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Georgia Court of Appeals Remands for Determination of Inconsistency in Verdict – Health Law and Regulation Update Blog Post by Eric Frisch

April 1, 2020

Health Law and Regulation Update Blog post by Eric Frisch.

This is the continuing saga of Evans v. Rockdale Hospital. Mrs. Evans presented to the emergency department with what was diagnosed as a brain aneurysm. She and her husband sued the hospital and its nurses for failure to diagnose and treat in a timely manner. At trial, Plaintiffs introduced evidence of $1.1 million in past medical bills, a life care plan with significant future damages, and other evidence. The defense challenged the credibility of the damages experts and argued that Mrs. Evans was contributorily negligent for failing to seek treatment earlier. The jury returned a verdict for the past medical bills and a small amount for loss of consortium, but zero dollars for future damages. Plaintiffs moved for a new trial on inconsistency of the verdict and for additur conditioned on the grant of a new trial for inadequacy of the verdict. The trial court denied the motions and the first round of appeals followed.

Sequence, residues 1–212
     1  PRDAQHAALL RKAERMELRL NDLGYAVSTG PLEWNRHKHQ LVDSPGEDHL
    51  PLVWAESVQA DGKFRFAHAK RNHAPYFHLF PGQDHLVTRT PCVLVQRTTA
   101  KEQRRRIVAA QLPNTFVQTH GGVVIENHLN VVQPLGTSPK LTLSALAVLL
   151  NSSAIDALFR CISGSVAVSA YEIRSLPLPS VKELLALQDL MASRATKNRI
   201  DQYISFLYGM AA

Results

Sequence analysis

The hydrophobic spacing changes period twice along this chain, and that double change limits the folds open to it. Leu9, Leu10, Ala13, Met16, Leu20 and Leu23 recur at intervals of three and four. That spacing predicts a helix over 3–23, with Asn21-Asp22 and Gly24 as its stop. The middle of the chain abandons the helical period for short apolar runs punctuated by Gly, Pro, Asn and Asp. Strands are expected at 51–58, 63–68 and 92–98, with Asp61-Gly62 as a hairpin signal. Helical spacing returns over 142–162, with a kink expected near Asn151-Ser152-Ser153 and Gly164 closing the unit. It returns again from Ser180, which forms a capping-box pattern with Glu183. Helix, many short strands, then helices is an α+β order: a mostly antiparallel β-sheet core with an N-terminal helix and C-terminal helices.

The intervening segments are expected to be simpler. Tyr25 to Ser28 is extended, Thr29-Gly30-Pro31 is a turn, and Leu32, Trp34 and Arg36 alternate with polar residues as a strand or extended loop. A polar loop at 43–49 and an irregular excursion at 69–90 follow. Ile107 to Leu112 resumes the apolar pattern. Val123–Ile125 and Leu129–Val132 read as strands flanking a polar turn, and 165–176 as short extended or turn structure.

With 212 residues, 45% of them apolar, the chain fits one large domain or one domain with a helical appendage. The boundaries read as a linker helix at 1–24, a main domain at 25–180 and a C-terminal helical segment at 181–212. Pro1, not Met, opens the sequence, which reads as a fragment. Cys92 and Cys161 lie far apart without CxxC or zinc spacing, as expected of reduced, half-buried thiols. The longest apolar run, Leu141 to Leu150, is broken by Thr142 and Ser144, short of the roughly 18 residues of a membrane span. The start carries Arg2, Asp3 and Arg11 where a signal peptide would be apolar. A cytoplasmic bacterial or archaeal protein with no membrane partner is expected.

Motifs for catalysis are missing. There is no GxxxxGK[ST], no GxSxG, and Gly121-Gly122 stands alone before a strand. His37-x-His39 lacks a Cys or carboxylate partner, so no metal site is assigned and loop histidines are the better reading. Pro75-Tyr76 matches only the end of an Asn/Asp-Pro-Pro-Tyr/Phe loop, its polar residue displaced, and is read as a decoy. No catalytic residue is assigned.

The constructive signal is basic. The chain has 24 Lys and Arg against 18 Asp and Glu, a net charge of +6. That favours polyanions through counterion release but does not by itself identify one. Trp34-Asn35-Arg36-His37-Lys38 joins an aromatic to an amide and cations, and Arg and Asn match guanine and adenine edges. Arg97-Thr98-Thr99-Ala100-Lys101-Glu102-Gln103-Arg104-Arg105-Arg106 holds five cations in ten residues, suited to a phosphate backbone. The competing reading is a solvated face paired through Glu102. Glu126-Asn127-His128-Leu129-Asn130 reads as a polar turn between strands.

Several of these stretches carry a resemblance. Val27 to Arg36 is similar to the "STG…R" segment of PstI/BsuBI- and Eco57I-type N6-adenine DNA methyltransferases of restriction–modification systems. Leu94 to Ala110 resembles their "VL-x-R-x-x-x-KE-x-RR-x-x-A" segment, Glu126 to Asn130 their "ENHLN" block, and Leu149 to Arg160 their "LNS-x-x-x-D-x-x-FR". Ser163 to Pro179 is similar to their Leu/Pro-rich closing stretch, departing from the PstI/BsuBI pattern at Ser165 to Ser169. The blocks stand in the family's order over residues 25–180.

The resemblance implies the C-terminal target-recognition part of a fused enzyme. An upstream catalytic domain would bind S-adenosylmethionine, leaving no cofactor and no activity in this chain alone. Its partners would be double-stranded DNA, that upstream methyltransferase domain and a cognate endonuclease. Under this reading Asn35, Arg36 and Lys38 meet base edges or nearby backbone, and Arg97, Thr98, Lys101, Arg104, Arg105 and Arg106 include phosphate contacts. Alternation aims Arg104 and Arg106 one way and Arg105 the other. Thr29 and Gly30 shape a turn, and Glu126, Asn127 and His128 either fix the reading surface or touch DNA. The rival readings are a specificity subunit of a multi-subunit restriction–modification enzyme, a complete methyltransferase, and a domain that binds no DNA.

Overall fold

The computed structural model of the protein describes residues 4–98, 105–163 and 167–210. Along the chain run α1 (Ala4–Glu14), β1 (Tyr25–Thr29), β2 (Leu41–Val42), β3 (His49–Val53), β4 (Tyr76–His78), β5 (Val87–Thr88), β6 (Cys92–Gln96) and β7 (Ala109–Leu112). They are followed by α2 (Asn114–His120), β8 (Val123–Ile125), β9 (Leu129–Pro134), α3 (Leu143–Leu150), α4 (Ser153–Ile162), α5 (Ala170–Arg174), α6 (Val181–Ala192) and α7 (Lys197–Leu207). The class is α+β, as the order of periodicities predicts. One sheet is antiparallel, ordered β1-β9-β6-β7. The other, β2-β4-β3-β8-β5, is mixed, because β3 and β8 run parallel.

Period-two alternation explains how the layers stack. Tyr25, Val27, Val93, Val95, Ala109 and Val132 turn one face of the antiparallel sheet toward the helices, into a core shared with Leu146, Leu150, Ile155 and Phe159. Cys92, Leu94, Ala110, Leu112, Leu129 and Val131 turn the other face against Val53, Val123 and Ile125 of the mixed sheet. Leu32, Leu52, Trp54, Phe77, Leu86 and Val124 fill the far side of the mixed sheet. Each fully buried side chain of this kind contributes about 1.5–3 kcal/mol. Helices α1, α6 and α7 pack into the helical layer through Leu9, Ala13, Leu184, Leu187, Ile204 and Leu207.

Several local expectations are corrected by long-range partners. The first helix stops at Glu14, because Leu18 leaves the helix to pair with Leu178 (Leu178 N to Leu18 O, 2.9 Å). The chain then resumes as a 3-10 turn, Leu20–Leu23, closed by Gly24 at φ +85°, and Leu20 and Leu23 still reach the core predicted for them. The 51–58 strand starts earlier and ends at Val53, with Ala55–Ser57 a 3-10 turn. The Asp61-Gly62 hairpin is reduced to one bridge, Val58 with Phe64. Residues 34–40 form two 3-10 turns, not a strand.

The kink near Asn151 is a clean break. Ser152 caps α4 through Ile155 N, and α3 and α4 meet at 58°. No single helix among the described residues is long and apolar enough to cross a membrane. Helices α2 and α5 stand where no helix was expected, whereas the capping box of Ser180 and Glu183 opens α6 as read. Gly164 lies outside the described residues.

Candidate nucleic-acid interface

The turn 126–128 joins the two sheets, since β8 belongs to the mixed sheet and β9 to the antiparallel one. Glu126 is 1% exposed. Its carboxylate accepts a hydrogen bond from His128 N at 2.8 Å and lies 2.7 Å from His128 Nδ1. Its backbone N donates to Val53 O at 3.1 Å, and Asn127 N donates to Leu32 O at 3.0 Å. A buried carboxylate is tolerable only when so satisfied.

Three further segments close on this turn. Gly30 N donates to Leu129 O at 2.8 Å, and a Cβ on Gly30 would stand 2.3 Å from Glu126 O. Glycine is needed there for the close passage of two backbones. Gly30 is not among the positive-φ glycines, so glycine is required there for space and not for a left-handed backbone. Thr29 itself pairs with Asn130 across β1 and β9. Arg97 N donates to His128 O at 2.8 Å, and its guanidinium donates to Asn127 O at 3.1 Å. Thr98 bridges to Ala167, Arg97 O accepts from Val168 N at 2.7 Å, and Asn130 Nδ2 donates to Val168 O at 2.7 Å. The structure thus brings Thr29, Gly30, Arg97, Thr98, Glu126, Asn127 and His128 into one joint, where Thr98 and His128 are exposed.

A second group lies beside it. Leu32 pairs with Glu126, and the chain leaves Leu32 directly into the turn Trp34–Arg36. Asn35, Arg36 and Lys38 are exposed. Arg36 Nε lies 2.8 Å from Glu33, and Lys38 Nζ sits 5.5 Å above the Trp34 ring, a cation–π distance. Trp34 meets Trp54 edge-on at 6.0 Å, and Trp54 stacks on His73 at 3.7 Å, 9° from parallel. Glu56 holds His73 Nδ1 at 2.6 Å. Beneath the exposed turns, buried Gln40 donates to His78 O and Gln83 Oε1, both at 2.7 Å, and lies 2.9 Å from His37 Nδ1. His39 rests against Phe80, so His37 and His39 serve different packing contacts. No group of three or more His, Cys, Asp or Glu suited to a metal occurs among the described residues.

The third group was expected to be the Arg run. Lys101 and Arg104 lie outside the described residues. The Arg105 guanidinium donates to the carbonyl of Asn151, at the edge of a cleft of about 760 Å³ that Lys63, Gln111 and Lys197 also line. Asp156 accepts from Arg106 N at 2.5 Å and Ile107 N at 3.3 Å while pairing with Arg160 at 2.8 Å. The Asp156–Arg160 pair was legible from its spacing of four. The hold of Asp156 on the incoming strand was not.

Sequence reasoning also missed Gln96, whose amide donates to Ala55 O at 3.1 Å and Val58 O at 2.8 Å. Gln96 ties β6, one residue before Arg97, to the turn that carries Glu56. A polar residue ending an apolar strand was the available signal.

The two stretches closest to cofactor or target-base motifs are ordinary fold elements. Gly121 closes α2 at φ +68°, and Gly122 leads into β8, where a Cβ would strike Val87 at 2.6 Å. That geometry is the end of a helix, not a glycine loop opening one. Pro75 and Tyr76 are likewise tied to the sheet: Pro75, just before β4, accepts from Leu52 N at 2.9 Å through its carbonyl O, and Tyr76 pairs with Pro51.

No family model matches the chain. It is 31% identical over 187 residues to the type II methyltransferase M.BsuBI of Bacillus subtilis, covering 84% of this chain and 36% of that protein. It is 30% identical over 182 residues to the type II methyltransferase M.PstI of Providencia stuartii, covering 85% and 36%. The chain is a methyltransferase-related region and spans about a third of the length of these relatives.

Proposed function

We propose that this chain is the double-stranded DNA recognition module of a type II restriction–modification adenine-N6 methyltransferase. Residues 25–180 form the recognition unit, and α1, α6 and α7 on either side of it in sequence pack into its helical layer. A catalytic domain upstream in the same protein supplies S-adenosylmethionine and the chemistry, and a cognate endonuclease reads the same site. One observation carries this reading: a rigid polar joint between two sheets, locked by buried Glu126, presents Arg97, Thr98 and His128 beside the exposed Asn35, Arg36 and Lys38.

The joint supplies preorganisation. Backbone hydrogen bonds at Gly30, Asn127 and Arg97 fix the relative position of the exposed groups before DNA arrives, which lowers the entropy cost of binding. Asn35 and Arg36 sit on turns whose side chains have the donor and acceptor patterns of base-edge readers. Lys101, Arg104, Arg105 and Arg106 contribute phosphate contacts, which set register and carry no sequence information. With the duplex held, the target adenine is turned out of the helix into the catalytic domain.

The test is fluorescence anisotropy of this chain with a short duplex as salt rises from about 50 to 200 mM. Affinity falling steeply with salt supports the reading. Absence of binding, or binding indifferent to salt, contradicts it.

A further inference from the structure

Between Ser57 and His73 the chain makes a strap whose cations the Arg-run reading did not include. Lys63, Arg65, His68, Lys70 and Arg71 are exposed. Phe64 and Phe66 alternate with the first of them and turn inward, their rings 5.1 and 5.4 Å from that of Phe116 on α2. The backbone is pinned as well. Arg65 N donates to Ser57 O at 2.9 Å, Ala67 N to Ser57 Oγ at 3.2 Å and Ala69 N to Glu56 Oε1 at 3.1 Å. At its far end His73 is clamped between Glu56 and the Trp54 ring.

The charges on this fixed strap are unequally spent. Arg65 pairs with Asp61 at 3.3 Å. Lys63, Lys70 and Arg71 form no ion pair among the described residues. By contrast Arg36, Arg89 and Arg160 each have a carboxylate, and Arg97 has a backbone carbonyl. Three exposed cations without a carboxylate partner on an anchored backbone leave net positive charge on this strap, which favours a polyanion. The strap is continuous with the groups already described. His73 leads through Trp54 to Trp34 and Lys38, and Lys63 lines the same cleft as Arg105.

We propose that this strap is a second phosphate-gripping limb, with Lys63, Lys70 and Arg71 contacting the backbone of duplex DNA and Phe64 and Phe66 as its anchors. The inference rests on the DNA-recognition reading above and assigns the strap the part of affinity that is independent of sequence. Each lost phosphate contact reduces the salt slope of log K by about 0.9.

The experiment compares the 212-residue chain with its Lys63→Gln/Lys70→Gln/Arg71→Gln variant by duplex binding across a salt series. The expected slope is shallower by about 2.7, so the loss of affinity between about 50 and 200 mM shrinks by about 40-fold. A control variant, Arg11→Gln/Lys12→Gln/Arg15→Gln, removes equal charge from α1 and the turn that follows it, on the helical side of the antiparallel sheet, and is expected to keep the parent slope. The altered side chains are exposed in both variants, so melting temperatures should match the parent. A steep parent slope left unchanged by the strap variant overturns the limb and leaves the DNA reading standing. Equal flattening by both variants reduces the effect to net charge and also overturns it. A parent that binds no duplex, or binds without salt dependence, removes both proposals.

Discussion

The Georgia Supreme Court remanded the case to the Georgia Court of Appeals for using the wrong standard to determine inadequacy of the verdict. In this current decision from the Court of Appeals, the Court affirmed the trial court’s denial of the motion for new trial based on inadequacy of the verdict. The Court held that the record showed the trial court exercised its discretion, did not make a material error in fact or law, and that the award was not so inadequate as to show obvious jury bias or the like.

The Court also vacated its prior decision regarding inconsistency of the verdict, which is governed by a different legal standard than inadequacy. Because there was no indication the trial court used the different legal standard, the Court remanded the case back to the trial court for further proceedings.

Take-home: many claimants are now using separate appellate counsel early in their cases. It is one thing to advocate trial level legal issues in the heat of battle, but understanding the standards of review for different rulings on appeal, such as evidentiary issues, requires a thorough understanding of the appellate process. The good news is that we at CSKL have decades of appellate experience on these issues!

The case is Evans v. Rockdale Hospital, ___ S.E.2d ____, 2020 WL 1527979 (Ga.Ct.App. March 30, 2019).

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